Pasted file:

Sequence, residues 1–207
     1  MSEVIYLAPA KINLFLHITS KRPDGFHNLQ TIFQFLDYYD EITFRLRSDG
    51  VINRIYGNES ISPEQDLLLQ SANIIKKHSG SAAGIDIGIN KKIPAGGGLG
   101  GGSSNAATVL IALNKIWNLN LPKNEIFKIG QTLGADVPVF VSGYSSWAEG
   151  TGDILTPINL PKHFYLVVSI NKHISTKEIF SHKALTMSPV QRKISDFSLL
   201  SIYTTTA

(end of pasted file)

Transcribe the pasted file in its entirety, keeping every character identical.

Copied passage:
Sequence, residues 1–207
     1  MSEVIYLAPA KINLFLHITS KRPDGFHNLQ TIFQFLDYYD EITFRLRSDG
    51  VINRIYGNES ISPEQDLLLQ SANIIKKHSG SAAGIDIGIN KKIPAGGGLG
   101  GGSSNAATVL IALNKIWNLN LPKNEIFKIG QTLGADVPVF VSGYSSWAEG
   151  TGDILTPINL PKHFYLVVSI NKHISTKEIF SHKALTMSPV QRKISDFSLL
   201  SIYTTTA